Put simply, using miles for merchandise is generally a horrible deal versus using your miles for travel.
Airlines Are Happy To Send You Fancy Electronics In Exchange For Your Miles
Most loyalty programs are happy to let you burn your miles on merchandise. But if you run the numbers, you’re getting a horrible deal. And during this pandemic, airlines may not have devalued award charts (yet) but they have raised prices in their miles for merchandise shops.
I’ll give your three examples, which I did not cherrypick. Rather, these are three items I am personally interested in and wanted to compare pricing.
A new MacBook Air from United with 256GB of storage will run your 333,000 miles.
The cost from Apple? $999.
333,000 miles for a $999 product gives you $0.003 in value per miles, far less than once cent per mile.
How about AirPods Pro to go with the new computer? United wants 83,000 miles.
The cost from Apple? $249. Again, that’s only $0.003/mile.
One more. Maybe it’s just Apple? How about some Bose QC35 noice-cancelling headphones? United wants 117,500 miles.
Bose charges $299 right now. That’s an even poorer value at $0.0025 per mile. Even at regular price ($349) you are still getting less than $0.003 in value per miles.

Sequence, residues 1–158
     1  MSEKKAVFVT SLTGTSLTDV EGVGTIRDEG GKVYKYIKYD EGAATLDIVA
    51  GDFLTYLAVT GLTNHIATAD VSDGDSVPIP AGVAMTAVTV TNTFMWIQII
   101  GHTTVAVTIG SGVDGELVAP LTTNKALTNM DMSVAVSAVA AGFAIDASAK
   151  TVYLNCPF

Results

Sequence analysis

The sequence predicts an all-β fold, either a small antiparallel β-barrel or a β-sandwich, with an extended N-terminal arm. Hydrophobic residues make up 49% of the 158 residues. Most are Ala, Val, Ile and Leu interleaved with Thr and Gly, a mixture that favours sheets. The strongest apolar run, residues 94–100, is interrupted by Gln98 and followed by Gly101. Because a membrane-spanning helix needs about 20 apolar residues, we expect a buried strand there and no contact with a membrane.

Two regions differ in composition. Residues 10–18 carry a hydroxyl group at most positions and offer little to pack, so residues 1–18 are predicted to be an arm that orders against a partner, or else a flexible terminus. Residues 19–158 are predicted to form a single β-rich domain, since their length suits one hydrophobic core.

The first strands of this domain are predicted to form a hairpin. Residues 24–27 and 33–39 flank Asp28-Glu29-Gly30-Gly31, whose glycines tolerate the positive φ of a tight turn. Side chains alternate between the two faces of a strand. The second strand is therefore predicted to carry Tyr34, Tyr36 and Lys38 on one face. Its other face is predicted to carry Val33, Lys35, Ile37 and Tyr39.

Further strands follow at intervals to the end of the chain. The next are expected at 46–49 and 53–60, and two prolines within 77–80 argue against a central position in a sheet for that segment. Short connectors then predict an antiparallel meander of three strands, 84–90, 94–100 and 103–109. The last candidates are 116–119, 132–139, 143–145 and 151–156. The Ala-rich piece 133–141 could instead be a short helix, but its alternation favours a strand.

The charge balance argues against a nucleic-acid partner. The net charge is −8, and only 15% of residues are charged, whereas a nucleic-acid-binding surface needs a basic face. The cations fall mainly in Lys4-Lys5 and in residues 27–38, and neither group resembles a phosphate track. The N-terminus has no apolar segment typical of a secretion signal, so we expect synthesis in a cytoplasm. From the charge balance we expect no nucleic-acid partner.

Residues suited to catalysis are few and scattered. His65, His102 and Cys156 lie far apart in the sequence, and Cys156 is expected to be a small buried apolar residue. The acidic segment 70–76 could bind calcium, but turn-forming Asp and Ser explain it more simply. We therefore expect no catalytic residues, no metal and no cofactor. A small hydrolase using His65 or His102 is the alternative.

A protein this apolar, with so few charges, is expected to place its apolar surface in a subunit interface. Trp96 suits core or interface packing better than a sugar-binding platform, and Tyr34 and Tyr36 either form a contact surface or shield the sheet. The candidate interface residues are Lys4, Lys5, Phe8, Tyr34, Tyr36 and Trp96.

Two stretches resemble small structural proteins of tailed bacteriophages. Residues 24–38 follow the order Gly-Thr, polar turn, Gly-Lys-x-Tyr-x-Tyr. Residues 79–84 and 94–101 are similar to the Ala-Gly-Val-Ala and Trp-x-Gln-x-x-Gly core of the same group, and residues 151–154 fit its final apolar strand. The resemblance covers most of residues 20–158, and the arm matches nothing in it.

When It Makes Sense To Buy Merchandise With Your Miles
There are three instances when it may make sense to burn your airline miles for merchandise:
- During limited promotions (not going on now) where you can extract more than 1.5 cents per mile in value
- If you are points rich and cash poor
- If you do not intend to travel
Now that last point, I really don’t understand why you would bother ever putting airline spending on a travel card if you don’t like to travel unless you are booking travel for other people.
Once in a while it may make sense due to bonus promotions to redeem your miles, but certainly not now.
Cashback Cards: A Better Alternative
This isn’t rocket science. If it this kind of merchandise you are after, please use a cash back credit card that provides you a far better bang for your buck. If you’re buying Apple products, the Apple Card from Goldman Sachs offers 3% cash back on Apple purchases and that is an instant rebate.
Other debit cards may offer between 1-3% cash back on purchases, depending upon the category. Doesn’t that make more sense than getting less than 1/3 of a cent per point?
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Airlines like United have taken advantage of the uncertain era in which we live to devalue what a mile is worth. If you intend to travel, don’t waste your miles on merchandise. If you don’t, you should not be collecting airline miles except when you fly. And if you happen to just have miles built up that you want to burn, I still cannot recommend blowing them for such a poor exchange rate.